U.S. Life Expectancy Drops for Third Year in a Row!

U.S. life expectancy was just lowered again for the third year in a row. This is the longest span of time where life expectancy has dropped every year since 1915 – 1918.

At that time, the country was at war, followed by an epidemic of the deadly Spanish flu. In our current times, we’re losing people to drug overdoses–”deaths of despair”–and to suicide.

Life expectancy didn’t drop for women from 2016 to 2018. It dropped for men. The main drivers of the downward trend were men between the ages of 24 and 44.

In 2017, according to the Centers for Disease Control, we lost 70,000 lives to drug overdoses and an additional 47,000 to suicide. It is often pointed out that we lost fewer young men during the whole Vietnam War, when military service was compulsory!

Depression, anxiety, feeling cut off from others–feeling angry and turning that anger in on yourself (which results in depression)–these emotions happen all the time in our society.

If you have those kinds of feelings, you are not alone. The problem is not having those feelings, because so many people do. It’s what you do about them.

The Pressure of Fatherhood Causes Dis-Connect

I can say that fatherhood gave me purpose and meaning to be positive in a world that too often seems negative. Fatherhood doesn’t work that way for all men, though. Some experience it as almost unbearable pressure, calling into question their ability to perform as men–to provide for their families, to love, to sacrifice, to carry the heavy load placed on their shoulders.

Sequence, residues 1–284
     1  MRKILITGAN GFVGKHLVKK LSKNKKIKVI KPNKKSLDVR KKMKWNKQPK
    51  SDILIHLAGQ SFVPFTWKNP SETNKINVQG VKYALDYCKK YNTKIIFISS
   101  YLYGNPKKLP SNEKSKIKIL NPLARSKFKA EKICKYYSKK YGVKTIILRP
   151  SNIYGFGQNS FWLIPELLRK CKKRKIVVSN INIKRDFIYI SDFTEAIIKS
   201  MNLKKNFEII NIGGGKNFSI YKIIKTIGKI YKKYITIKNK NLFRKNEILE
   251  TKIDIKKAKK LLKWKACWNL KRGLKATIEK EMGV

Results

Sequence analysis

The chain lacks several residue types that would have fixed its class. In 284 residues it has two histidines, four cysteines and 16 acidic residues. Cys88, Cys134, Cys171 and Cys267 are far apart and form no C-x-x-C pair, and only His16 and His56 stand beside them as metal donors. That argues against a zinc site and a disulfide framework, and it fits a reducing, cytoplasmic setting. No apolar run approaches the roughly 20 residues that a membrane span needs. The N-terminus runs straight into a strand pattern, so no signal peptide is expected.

As one older dad put it: “No matter what, as a dad, you feel that the buck stops with you.”

No matter how supportive the women in our lives may be, for example, a guy feels that he is the one who has to go out and shoot the wild animal, confront the burglar, swallow his pride when his boss is unfair, and pay the bills. It feels like, at the end of the day, it’s all really his responsibility.

Knowing you are not alone is the first step toward relief. You can band together with others to form a pack instead of always lone wolfing it.

Despair goes out the window when there is a sense of community and connectedness. Researcher William Dietz of George Washington University said that overdoses and suicides occur among people who are “less connected to each other in communities.”

Dads Get Connected

This is a season of connection, so spend some time taking your kids to the community tree-lighting ceremony, musical concerts at local churches and schools, and, if age-appropriate, Breakfast with Santa and other kid-oriented community events. Greet your neighbor, get into conversations, hang around a while at the mall and smile at strangers. Those little threads of connection can weave a safety net to keep you from being overwhelmed by all that our society demands of a man.

If you are a Dad who want to stay connected to Dads like you, feel free to join our The Good Dads Club Private Group on Facebook.


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